The Roosevelt, Sydney
The classic: Campari
Campari is a true classic and an imperative in every home cocktail cabinet. It may not be for everyone straight from the bottle because its bitterness can be a bit intimidating, but it's a super-versatile drink and is great before or after dinner because it works really well for stimulating hunger and as a digestive. It's not so high in alcohol, so it also works for lunchtime barbecues where you can mix it with soda. But the best thing about Campari is that if you've run out of all your other fancy cocktail ingredients, you can always make a Negroni, one of the simplest and best cocktails around.
The cool: Martin Miller's Gin
This is a gin that, quite simply, makes everything better. It's one of the new-style gins called western dry and has a freshness and a lightness you won't find in your standard London dry gins. There are some floral notes to it but it still has a great backbone that's up to the job. Of course, you can use it in a Negroni but I think the London dries do that better. Martin Miller's makes a cracking gin and tonic but it's also excellent in classic cocktails, particularly when it's front and centre, like in a martini. For me it just adds an extra dimension and a certain je ne sais quoi.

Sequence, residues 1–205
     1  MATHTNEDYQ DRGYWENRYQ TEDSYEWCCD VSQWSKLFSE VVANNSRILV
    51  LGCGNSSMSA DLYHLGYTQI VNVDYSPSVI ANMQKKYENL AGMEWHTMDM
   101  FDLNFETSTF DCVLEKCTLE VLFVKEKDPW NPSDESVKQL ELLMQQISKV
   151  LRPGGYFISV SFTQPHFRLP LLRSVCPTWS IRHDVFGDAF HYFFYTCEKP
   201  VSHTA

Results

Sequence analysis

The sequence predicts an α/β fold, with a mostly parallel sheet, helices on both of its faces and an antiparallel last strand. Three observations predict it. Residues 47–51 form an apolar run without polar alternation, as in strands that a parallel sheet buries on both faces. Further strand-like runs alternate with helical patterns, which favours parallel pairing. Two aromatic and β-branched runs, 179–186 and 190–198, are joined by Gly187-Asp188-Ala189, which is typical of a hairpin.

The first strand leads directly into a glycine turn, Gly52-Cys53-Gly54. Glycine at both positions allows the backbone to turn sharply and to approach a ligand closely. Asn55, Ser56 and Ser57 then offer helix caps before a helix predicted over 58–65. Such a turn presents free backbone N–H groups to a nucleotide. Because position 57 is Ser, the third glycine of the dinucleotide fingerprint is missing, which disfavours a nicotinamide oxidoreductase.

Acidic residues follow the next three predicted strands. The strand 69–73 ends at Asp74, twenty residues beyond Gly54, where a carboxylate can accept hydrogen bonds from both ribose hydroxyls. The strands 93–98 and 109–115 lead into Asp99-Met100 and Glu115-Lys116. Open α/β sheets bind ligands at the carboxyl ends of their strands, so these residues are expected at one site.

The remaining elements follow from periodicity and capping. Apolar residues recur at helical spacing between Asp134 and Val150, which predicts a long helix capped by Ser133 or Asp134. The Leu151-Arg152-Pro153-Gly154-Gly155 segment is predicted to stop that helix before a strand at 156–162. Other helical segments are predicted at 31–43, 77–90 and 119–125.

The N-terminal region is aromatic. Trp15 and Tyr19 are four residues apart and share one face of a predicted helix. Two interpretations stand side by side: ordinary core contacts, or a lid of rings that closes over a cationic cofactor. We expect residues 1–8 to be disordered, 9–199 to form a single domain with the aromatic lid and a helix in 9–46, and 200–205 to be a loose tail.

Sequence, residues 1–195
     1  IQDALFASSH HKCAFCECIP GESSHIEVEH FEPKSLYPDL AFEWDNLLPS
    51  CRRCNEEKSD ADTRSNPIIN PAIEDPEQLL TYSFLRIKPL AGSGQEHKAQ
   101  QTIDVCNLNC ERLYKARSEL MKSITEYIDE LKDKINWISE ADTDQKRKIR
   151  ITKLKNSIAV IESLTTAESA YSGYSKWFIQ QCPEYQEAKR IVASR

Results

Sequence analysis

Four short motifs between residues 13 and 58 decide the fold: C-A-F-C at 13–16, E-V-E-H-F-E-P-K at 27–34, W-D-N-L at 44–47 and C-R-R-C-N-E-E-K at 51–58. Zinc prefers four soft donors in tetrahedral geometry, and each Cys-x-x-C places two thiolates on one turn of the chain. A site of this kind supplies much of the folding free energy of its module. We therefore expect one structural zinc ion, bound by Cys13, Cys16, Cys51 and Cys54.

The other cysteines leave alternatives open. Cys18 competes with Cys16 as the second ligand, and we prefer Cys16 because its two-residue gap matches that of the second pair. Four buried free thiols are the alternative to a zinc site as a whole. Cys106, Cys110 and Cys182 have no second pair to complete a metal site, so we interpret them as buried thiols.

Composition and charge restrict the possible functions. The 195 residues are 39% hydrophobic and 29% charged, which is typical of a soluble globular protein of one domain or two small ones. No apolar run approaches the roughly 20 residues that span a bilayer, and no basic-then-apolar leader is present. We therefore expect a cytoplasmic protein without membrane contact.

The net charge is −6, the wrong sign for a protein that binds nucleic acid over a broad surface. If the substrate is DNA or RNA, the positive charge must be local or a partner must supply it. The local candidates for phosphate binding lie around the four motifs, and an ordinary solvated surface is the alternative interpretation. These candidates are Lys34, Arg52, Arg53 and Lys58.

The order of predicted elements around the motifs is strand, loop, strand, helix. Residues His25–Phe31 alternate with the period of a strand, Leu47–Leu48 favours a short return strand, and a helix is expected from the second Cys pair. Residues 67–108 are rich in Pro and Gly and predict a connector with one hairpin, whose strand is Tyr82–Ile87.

The cocktail: Negroni
The Negroni is one of those drinks that gets a bit overthought but, like all of the great cocktails, it doesn't need special handling. I like to make it as they do in Italy, with everything in equal parts and with a slice of orange as a garnish.
25ml gin - stick with a London dry, something with some real juniper flavour
25ml sweet vermouth
Build the drink in a glass with ice and then garnish with the orange slice.